It’s no secret that we’re both Batman fans, so we were excited to see the first footage of animated adaptation, BATMAN: THE KILLING JOKE. The latest in DC’s animated offerings, it looks faithful but will it hold its own against the Dark Knight Returns adaptation?

Sams expresses his love for Paul Dano and we marvel at the sheer absurdity of SWISS ARMY MAN. Daniel Radcliffe plays a talking, karate-chopping, farting corpse that becomes Paul Dano’s best friend.



‘Previously on AMC’s The Walking Dead’… well, Sams wouldn’t know cause he hasn’t been watching! He dropped out after Season 4. Luke talks about waning interest during Season 5.

We cover a lot of ground here. Sams liked Season 1 so much it spurred him to read the first 90-odd issues of the comics. Even getting an issue signed by inker Tony Moore. But, he also explains his abandoning the show, and it mostly boils down to the handling of a particular Governor and a certain anti-climactic war waged against said Governor.

However, he decided to jump into the S6 finale for the introduction of his favourite villain, Negan. Sams went in with low expectations and gives his opinion on the episode itself, compares The Governor and Negan, and talks about Negan as a charismatic villain, his casting in Jeffrey Dean Morgan, and who he would’ve cast as The Governor. There’s also some discussion of the difference between Laurie’s death and Rick’s grieving her as seen in the show versus the comics.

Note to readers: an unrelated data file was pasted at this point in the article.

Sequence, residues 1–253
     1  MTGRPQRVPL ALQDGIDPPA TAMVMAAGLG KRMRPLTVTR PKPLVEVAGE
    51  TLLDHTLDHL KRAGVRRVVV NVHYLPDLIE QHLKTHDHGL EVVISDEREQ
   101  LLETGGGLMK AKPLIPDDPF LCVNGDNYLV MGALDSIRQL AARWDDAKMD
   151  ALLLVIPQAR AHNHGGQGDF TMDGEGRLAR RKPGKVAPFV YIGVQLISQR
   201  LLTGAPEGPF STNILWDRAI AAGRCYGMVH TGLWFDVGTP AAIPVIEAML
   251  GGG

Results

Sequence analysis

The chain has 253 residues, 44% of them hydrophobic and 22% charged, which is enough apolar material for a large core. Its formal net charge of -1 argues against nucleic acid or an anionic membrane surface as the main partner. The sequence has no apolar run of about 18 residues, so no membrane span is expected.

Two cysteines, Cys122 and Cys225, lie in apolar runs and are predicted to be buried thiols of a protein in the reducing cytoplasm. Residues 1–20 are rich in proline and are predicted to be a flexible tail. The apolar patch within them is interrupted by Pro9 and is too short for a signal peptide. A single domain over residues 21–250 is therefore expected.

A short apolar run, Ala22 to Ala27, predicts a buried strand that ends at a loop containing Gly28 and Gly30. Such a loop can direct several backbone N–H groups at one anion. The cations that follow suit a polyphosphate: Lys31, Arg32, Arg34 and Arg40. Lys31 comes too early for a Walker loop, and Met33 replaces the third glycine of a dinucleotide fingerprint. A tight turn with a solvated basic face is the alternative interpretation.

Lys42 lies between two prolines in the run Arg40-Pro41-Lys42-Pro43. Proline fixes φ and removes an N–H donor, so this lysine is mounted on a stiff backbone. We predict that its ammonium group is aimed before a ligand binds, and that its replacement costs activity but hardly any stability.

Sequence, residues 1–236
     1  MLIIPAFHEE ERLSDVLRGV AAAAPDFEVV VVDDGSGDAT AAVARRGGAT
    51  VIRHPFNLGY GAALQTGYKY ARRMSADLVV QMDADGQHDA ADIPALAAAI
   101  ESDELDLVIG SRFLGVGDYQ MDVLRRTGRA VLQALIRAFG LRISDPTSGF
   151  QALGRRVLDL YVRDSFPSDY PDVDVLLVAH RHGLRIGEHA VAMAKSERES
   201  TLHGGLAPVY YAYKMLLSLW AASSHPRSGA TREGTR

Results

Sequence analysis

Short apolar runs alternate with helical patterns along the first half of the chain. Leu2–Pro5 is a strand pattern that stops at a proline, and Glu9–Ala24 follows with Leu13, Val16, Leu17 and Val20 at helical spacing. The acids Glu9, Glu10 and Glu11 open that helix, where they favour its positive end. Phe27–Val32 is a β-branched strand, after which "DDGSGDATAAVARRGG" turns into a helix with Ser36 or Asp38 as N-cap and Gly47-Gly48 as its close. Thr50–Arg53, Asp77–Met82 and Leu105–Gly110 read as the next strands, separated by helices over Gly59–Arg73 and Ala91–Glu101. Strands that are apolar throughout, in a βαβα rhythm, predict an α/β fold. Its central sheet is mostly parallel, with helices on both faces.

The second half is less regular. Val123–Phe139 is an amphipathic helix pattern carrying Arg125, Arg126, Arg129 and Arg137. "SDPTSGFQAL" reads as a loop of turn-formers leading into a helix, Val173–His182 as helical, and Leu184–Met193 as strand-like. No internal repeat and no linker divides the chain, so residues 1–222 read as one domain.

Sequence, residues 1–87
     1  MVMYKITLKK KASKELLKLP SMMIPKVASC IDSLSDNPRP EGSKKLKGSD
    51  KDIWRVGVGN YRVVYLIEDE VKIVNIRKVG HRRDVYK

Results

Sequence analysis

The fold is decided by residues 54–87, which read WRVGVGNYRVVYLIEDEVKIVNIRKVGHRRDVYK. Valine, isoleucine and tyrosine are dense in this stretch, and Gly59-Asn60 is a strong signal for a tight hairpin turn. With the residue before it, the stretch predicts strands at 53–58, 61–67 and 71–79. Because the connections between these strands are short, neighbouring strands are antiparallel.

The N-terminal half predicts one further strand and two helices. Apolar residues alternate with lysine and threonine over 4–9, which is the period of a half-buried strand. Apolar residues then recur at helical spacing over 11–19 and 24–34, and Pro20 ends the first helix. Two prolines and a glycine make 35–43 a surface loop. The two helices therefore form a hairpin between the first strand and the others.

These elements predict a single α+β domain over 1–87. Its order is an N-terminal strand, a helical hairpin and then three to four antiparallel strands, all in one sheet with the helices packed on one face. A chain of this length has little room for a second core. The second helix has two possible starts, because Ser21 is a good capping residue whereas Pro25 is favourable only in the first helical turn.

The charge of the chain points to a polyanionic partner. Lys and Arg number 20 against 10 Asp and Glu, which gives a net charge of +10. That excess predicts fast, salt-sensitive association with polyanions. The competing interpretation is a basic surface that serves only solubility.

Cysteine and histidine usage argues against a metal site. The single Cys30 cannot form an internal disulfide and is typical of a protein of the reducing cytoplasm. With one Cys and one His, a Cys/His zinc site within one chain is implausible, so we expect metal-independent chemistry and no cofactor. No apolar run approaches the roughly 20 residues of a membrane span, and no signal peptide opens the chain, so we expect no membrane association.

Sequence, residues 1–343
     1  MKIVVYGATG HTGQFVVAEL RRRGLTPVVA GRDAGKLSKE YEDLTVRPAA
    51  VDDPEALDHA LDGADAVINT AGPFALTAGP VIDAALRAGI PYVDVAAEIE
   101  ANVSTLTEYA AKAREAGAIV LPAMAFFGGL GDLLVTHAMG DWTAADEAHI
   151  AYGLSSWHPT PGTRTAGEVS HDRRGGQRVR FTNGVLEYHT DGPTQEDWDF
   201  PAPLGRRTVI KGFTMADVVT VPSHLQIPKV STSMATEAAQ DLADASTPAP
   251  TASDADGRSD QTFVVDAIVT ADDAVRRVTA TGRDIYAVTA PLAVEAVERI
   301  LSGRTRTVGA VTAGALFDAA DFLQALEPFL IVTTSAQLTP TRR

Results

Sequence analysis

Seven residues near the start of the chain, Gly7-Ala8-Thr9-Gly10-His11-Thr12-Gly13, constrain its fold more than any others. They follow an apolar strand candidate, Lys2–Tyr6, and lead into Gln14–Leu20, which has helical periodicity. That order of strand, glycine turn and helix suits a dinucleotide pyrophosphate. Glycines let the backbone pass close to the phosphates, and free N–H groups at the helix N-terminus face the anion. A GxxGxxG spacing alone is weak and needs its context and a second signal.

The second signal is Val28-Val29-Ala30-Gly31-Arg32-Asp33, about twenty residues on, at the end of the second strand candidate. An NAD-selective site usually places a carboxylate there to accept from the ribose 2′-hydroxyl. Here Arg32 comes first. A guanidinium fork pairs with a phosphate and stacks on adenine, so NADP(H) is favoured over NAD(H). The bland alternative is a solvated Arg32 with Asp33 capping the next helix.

More generally we talk about; the appearance of Trevor from GTA V, the hopelessness of the situation for our main characters, the problem of child actors growing up, the importance of writing and signage in the show’s visuals, foreshadowing character demises, RVs on AMC, and the Lucille victim in the comics and who it might be in the show.

Is there a difference in the AMC audiences for The Walking Dead versus Breaking Bad? How faithful was the finale to the comic book source material? Can we forgive the show for leaving us with THAT cliffhanger ending? Will Sams watch Season 7? The answers await your ears in this episode.

We consider the future of the show and the introduction of super-communities, the potential fallout from this finale’s cliffhanger, and briefly mention other upcoming comic book adaptations Preacher (also for AMC) and The Boys.